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Crist's insurance follies ruinous

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  • | 8:25 p.m. April 17, 2009
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There are times when you do not want to be right, particularly when pointing out the dangerous folly of a public policy that could do real damage.

This is not one of those times.

It has been a little lonely at times for the Review, taking on Gov. Charlie Crist and his happy populist dance through troubled times, a little dance that is not based in any philosophy deeper than Pollyanna, make-the-folks-happy wishful thinking. One day he sounds conservative. Another day he acts liberal. Always he is wanting to please people rather than lead on principle.

That is crummy leadership, and, thankfully, people are beginning to notice. His once bright star is starting its descent, and it is probably just the beginning. It may be that the state's insurance challenges will be the anchor that drags him down. If so, it would be his own doing.

Florida has long had a skewed insurance system with help from the federal government's flood insurance program. The state's most expensive properties along the coastlines are subsidized by the properties inland. The industry is heavily regulated by Tallahassee, which some folks are quite happy about. But it is a bad system.

The regulation means that bean-counting bureaucrats and wet-finger politicians approve or disapprove rates, when actuarial bean-counters and company executives ought to be doing it in the best interests of their companies — companies that actually can pay in a catastrophe. If the state deregulated, it would allow a lot of competition for rates and policies, and people could choose the big, established State Farm-type of companies and pay more, or the smaller startup firms and pay less.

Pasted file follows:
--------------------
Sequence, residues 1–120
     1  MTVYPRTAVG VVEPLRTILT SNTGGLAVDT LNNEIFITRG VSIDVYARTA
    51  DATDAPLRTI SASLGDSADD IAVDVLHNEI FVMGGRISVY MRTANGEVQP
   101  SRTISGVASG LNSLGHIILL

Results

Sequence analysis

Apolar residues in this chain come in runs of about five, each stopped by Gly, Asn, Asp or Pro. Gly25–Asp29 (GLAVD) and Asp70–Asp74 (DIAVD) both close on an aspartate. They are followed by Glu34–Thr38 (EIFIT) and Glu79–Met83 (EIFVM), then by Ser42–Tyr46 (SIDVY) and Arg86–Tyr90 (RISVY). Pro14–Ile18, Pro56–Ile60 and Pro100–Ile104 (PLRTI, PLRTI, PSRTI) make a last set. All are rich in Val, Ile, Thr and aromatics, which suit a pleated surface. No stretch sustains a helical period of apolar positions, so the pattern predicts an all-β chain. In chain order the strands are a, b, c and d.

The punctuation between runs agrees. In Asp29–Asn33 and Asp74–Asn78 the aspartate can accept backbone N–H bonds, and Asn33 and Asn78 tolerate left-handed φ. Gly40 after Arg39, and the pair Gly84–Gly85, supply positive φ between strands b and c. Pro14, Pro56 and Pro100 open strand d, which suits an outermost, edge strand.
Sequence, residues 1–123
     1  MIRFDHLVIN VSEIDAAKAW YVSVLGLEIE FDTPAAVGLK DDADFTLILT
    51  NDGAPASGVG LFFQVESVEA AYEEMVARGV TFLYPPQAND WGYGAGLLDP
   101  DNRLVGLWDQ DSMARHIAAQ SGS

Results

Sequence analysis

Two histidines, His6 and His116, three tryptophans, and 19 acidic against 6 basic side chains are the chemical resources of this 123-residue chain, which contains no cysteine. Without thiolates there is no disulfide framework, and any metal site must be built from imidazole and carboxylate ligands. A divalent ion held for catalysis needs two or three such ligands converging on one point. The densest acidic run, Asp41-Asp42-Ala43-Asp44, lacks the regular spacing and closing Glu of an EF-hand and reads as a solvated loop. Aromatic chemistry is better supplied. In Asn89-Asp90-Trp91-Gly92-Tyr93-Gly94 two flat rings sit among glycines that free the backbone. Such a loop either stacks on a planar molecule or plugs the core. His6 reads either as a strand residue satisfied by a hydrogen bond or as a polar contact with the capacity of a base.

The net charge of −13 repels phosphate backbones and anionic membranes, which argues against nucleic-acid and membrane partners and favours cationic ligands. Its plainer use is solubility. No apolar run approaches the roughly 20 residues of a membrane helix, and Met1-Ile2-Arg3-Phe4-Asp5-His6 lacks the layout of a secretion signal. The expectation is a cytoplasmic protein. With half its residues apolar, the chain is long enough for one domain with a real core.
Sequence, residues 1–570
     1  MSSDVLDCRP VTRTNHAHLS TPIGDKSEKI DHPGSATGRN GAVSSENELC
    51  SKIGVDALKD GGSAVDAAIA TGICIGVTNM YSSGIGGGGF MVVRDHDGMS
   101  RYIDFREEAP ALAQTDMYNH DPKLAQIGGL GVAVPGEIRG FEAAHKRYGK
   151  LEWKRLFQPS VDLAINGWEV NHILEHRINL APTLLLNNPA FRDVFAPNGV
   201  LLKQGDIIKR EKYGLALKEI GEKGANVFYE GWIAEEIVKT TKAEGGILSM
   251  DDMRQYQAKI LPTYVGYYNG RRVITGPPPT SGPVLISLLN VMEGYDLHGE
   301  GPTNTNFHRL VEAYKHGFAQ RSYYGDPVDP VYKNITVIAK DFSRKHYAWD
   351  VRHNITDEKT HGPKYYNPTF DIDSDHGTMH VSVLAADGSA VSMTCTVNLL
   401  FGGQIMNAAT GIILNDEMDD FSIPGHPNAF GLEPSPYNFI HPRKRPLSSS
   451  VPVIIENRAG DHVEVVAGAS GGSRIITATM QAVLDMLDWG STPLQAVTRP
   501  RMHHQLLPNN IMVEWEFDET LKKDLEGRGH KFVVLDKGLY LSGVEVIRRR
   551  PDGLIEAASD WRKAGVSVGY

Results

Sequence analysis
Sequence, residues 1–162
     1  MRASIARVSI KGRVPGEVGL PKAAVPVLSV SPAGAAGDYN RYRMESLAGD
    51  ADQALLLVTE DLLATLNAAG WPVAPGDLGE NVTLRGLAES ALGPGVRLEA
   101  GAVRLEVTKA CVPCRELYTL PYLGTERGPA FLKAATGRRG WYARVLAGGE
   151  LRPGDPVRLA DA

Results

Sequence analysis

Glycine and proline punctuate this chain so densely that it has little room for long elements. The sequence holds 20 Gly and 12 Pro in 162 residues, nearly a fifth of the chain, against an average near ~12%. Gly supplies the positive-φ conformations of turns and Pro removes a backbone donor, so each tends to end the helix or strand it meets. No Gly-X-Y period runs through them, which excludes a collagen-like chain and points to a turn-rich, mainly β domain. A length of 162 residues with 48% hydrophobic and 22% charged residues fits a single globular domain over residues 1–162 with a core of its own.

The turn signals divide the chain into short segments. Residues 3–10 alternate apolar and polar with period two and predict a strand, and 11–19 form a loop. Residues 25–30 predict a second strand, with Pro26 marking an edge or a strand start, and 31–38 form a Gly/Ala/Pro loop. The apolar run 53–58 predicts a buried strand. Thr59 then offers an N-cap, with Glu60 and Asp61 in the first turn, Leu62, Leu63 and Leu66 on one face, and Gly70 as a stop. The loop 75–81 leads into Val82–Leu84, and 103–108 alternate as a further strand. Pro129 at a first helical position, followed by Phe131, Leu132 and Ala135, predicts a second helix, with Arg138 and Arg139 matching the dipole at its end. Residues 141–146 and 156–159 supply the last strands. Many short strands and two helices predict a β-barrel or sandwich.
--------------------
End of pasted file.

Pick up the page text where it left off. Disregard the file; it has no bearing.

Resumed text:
But in truth, most people would probably pay more. Some on the coasts would pay a lot more. And that is exactly what needs to happen to make the state insurance system solvent. We probably have all been paying too little for our homeowners insurance because politicians kept the rates artificially low to please voters. It only worked as long as we had a quiet hurricane period. And then voters, ever fickle, would turn on the politicians. You see the problem with this.

Puny reserves
State Farm sees the problem, also.

The state's largest private insurer was looking at enormous financial liabilities in the event of a major storm and wanted to ratchet up rates. But Gov. Populist, holding ill-fated news conferences in photo-op locations, opposed the rate hikes again and again.

He even pushed a plan to drive down all insurance rates 35% — a monumentally stupid idea ungrounded in anything but trying to make voters happy. It was doomed from the moment he announced it. You can't wave a magic wand and by fiat make everything less expensive.

Here is a simple comparison between State Farm and Citizens Property Insurance Corp.

Citizens holds reserves of $3.2 billion — that is the excess of premiums over payouts because we have not had bad storms since the state-run insurer went big. But Jim Malone, chairman of Citizens, says the reserves should be $11 billion if the state is to be able to handle a storm hitting a major Florida population center.

In a story by Review Lee/Collier Editor Jean Gruss in this issue, Malone says premiums need to be raised by 25% for Citizens customers, and even then it will take many years without a major storm to reach the reserves necessary.

Now take State Farm. The insurer has $344 billion of exposure in the state — just a little less than Citizens' — but only $621 million in reserves. It asked for a 47% rate increase to begin building up its reserves to be able to pay out in a catastrophic storm. As badly exposed as Citizens is, the state insurer has five times the reserves that State Farm has.